Poetry is an echo, asking a shadow to dance.
It thunders against brutality, bullying and aggression.
(No martial arts for The Crusader—WWE violence is all it can handle.)
Its reaction is visceral and all-consuming.
The Crusader is a composite Self pieced together from the flotsam and jetsam of past pain, both suffered and inflicted.
It is a three-Self tag team, along with Guilt and The Victim.
“Look at yourself!“
The Crusader’s rage is a plea.
It wants me to see myself—to a) atone for past misdeeds, and b) forgive those who have hurt me.
The Crusader tilts at inner windmills, thundering against the parts of myself I loathe the most (“the Shadow“).
It shows me those parts—and invites me to be Whole.
When recognized, The Crusader becomes an ally, guiding me through the maze of my Shadow (“the valley of the shadow of death“).
At the end of the maze lies healing.
You cannot quieten the mind: full stop! Those are tricks. You can take a pill and make the mind quiet—you absolutely cannot make the mind quiet, because you are the mind.
–Jiddu Krishnamurti, The Awakening of Intelligence
The Chatterbox gorges on audiovisual stimuli, then regurgitates them 24/7.
Its actions are inversely proportional to my desires—like tinnitus, it shrieks at fever pitch precisely when I crave silence most.
Enthralled by its steady stream of psychic vomit, I lose days under its spell.
It mocks all attempts to keep my train of thought from derailing—until weeds cover the rails and I lose sight of them completely.
I accept it’s there.
But I am not impressed by it.
I notice, it, greet it—“Oh, there you are“—and go about my day.
Above all, I cease to identify with it.
I recognize that it is in me but not of me—and give it all the space it needs, knowing I have plenty to spare.
Self-sabotage is the proverbial hammer over the head that finally wakes us up, demanding that we pay attention.
It seeks out successes (real and potential) and systematically sabotages them.
No pillar propping up my self-worth is too sturdy or sacred for it to subvert.
It doesn’t just destroy self-worth: it engenders a fear of self-worth.
To cope—to survive—I play cognitive Whack-a-Mole, where I seek out sprouting shoots of self-esteem and slay them before The Saboteur can.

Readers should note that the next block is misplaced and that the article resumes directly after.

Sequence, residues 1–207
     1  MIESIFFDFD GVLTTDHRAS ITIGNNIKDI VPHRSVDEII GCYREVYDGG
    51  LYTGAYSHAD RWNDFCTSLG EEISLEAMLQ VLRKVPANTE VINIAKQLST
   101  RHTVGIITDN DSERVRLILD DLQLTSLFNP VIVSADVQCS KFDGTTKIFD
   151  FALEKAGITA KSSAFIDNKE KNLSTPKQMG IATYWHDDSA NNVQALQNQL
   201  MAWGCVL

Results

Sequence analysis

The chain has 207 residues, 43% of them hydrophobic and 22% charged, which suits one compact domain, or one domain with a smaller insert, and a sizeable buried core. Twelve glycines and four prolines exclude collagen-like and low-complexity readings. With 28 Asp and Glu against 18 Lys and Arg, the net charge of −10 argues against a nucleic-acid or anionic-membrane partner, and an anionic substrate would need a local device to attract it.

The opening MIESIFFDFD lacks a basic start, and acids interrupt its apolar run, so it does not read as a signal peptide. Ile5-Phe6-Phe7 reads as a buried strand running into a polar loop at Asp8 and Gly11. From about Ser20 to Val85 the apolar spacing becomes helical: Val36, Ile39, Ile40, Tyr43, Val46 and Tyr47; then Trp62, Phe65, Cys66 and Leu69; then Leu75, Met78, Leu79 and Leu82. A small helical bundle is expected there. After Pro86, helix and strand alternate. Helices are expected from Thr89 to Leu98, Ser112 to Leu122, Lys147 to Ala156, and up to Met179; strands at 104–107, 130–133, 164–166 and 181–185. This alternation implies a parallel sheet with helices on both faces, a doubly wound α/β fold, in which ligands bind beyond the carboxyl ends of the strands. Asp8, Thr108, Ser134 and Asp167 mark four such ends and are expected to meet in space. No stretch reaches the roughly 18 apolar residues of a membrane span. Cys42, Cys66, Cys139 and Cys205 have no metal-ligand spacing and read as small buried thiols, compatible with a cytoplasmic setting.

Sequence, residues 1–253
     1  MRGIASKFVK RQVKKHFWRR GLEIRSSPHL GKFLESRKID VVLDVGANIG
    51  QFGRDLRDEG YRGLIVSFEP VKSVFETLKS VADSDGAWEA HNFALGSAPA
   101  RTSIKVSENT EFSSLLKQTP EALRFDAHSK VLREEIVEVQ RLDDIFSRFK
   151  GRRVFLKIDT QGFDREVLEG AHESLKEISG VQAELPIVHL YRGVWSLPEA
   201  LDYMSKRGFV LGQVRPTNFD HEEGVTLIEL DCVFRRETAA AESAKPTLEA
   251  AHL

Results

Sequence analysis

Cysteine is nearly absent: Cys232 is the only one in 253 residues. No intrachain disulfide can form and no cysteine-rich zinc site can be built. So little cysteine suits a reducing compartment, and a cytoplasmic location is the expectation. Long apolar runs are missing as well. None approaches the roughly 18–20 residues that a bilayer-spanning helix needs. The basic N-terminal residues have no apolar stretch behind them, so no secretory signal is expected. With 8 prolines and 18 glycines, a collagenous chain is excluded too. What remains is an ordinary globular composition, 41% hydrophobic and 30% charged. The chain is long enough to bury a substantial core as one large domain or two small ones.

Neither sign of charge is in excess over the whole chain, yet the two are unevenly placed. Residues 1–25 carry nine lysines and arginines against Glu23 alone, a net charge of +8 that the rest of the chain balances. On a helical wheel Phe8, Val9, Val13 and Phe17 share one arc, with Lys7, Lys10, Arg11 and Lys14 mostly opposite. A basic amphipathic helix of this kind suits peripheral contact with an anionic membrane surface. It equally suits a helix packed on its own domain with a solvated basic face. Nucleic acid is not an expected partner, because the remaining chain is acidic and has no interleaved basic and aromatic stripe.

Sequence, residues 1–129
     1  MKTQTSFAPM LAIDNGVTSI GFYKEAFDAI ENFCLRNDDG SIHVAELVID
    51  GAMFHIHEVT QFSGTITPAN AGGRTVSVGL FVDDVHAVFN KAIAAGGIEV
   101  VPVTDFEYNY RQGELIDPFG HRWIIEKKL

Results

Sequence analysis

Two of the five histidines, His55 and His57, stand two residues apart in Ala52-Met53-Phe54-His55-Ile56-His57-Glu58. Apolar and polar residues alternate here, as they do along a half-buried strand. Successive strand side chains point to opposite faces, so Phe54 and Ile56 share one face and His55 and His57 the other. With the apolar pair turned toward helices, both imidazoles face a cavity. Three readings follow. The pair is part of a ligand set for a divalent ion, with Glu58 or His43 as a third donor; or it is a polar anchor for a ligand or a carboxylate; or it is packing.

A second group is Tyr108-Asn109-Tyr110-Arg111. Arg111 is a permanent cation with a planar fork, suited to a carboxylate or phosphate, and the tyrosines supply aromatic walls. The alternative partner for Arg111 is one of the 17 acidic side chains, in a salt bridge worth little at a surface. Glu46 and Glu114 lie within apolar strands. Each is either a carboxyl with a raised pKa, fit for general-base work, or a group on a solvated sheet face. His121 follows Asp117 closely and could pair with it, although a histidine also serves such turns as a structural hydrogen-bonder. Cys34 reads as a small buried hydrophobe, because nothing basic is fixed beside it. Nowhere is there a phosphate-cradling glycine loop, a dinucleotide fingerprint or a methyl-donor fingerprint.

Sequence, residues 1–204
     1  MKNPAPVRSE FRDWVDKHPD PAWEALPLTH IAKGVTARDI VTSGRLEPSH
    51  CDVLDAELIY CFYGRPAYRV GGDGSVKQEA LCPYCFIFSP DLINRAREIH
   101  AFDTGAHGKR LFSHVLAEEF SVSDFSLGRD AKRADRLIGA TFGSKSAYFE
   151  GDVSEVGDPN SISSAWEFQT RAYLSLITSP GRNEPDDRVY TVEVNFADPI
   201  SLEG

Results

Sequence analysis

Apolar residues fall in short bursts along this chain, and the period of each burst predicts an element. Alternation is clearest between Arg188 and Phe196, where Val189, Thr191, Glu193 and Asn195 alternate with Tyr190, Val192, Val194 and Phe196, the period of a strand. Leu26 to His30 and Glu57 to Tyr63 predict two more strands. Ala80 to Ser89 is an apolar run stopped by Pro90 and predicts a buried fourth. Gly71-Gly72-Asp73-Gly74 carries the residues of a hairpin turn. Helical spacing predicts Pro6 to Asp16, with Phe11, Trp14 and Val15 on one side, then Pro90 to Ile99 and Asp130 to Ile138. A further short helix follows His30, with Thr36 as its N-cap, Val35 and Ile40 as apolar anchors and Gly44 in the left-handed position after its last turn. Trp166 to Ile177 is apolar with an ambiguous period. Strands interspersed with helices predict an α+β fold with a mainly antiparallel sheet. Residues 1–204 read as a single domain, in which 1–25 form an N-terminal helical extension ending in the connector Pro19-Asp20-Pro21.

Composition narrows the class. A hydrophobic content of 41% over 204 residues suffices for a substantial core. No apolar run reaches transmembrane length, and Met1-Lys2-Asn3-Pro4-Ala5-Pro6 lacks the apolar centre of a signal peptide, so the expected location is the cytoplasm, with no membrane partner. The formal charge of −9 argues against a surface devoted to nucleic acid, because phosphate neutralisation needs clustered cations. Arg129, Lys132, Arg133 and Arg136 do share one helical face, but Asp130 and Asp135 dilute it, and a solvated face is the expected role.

My psychic landscape becomes a Stalinist dystopia with The Saboteur as the strongman. Here, I, a hapless citizen, “correct” myself—lest my Dear Leader do so for me.
With feelings, it feels better to hit than be hit.
Awareness is key.
Open rebellion is not an option.
Thus, I observe, record, examine—and, in so doing, become aware of just how full of shit The Saboteur truly is.
I reject its propaganda.
The next time it tries to undermine me, I greet it with a good-natured but knowing smile.
I say: “You are welcome in the guesthouse—but I am on to you. So behave yourself, ok?”
No work or love will flourish out of guilt, fear, or hollowness of heart…
Guilt stalks the past.
It roots around with its pain-encrusted snout.
The more decayed the cadavers of my mistakes, the more gleefully guilt sniffs them out.
The Scavenger then dumps them in the central square of my awareness.
My heart bears the weight of a billion universes.
The detritus of the past coats my face, clogs my pores, suffocates me breath by frantic, gasping breath.
I shrivel, become insubstantial, insignificant, unworthy.
I am nothing,
Identifying with The Scavenger/Guilt is an ever-present pitfall.
Instead, I observe it from every angle.
I study it until its roaming patterns reveal themselves—until a map emerges.
(Is introspection the most profound form of cartography?)
I acknowledge The Scavenger’s cyclical nature.
I expect it to come and go as a noumenal tide.
I brace myself just before it comes—and exhale with relief and gratitude as it departs.
And always—ALWAYS—I keep its guesthouse room clean and airy, making sure it has all the space it needs.
If your daily life seems poor, do not blame it; blame yourself that you are not poet enough to call forth its riches…
–Rainer Maria Rilke
The Blamer is my second-most vituperative Self, trailing only The Pity-Seeker.
Whereas The Pity-Seeker melts hearts and evokes concern with teary, puppy-dog eyes, The Blamer hurls thunderbolts.
He rages—oh, how he rages!—against everyone and everything.
My genetic inheritance, my upbringing, the Universe, God (whose existence he doubts, but why relinquish such a juicy target for indignation?)—all are fair game.
He fears two things above all else:
a) Introspection: He cannot bear the inward gaze—it reveals him.
b) Surrender: He loathes the cessation of denunciation—it starves him.
I look within and stop asking why things unfold the way they do.
When I look within, I see The Blamer and give him the space he needs—a need that cannot be accurately assessed without tuning in.
When I stop asking why, I can hear The Blamer clearly and attend to him, as a host should.
Eventually, like the others, he tires of wailing and drops wearily back into his seat.